Are We Pushing Our Kids Too Hard?

by | Feb 9, 2024 | KidZone, Stephanie Holmberg

In 2019 the Varsity Blues scandal hit the media. Thirty-three parents of college applicants were accused of paying more than $25 million between 2011 and 2018 to William Rick Singer, organizer of a college admissions scheme, who used part of the money to fraudulently inflate entrance exam test scores and bribe college officials.  While this scandal shocked the world, many of us began reexamining our own parenting motives, asking ourselves, are we pushing our kids too hard? Are we saying that our children’s achievements or failures determine our worth?

Children experience pressure in many ways.  In school, many kids struggle with intense academic competition from parents, teachers, peers and society at large.  This focus on grades can lead to stress, anxiety, and burnout among children.

Kids today often participate in numerous extracurriculuaractivites, from sports, to music lessons to volunteer work.  While these activities can be enriching and provide valuable skills, they can also contribute to a packed schedule and increased stress levels.

Parents may have high expectations for their children, whether it’s based on their own experiences, cultural norms, or societal pressures. These expectations can manifest in various ways, such as pushing children to excel academically, participating in multiple extracurricular activities, or achieving certain milestones at a young age.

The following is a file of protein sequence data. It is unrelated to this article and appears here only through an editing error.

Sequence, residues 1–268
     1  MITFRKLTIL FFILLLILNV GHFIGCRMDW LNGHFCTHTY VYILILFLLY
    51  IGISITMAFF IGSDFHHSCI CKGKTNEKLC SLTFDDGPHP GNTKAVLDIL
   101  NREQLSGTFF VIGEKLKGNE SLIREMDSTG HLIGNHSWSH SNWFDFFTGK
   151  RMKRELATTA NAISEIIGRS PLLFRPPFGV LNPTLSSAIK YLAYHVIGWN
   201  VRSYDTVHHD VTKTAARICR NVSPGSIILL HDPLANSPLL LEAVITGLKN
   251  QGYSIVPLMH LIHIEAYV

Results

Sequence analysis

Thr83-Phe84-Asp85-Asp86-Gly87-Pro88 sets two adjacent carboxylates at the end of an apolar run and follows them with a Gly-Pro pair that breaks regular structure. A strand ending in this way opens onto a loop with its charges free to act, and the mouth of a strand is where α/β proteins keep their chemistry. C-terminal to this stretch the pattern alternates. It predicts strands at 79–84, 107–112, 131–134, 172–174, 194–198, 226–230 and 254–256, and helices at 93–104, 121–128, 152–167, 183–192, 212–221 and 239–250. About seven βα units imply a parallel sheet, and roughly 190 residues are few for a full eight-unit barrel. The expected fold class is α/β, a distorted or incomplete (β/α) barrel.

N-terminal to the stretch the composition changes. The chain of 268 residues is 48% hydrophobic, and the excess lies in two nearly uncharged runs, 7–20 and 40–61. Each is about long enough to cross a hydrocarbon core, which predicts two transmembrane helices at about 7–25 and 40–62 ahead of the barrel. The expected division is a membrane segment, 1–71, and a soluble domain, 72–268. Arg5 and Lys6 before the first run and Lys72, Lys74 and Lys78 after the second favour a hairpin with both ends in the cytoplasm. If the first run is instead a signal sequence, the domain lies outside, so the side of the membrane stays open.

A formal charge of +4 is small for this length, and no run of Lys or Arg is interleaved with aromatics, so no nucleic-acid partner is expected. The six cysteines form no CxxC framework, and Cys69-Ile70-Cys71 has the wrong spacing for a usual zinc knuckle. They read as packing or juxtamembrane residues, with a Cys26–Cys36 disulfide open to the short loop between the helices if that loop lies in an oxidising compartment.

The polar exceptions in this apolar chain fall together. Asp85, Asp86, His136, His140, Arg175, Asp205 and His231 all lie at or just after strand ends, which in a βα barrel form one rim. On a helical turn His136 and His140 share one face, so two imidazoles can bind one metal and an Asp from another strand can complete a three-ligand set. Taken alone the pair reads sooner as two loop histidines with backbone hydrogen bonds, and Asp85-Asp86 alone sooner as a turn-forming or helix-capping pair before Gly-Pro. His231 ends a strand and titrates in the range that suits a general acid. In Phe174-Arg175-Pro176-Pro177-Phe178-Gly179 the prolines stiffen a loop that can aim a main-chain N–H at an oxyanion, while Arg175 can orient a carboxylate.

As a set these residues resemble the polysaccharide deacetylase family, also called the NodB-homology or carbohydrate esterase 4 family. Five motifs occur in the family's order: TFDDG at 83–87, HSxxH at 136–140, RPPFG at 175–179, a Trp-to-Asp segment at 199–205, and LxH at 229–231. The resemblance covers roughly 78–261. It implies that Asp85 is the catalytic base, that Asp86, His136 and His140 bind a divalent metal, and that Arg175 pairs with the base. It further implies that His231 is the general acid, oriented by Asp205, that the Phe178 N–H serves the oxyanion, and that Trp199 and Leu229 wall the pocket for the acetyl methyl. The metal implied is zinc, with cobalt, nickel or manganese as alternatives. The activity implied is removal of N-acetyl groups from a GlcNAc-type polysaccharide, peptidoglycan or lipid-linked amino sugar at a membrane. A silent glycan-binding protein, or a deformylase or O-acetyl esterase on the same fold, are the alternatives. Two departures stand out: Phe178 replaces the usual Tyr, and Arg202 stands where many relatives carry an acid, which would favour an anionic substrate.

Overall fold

The level of pressure placed on children can vary greatly depending on cultural and societal norms. In some cultures, academic success is highly valued.  In others, there may be less emphasis on achievement and more focus on personal development and well-being.

Each family needs to determine healthy expectations in their home, always making room for children to express how they are feeling safely.  If a child expresses that something is becoming stressful or burdensome, it is the parent’s responsibility to help the child discern the source of the stress and remedy it accordingly.

While every parent wants their children to thrive in their unique giftings, it is important to not value what a child does more than who a child is.  If a child believes that love is based only on action and achievement, they will always seek approval from others and underestimate the value of who they are.  

In KidZone, we see hundreds of children every weekend and it is impossible for us to know the pressures each child is facing.  Because we know that Jesus loves these children because of how he has created them to be, we have begun to weekly declare with them their identity in Christ.  We encourage you to remind your sons and daughters that their value is based on how God sees them.  He loves them and has created them each uniquely!  Let’s declare with our kids…I AM WHO GOD SAYS I AM!

Parental Expectations: Balancing Act: On the other hand, some argue that a certain level of challenge is necessary for children to develop resilience, perseverance, and other important life skills. It’s essential to strike a balance between providing opportunities for growth and avoiding excessive pressure.

Cultural and Societal Factors: Ultimately, whether or notwe’re pushing our kids too hard depends on various factors, including individual circumstances, cultural norms, and societal expectations. It’s important for parents, educators, and policymakers to consider the well-being and developmental needs of children and strive to create environments that foster their growth and happiness.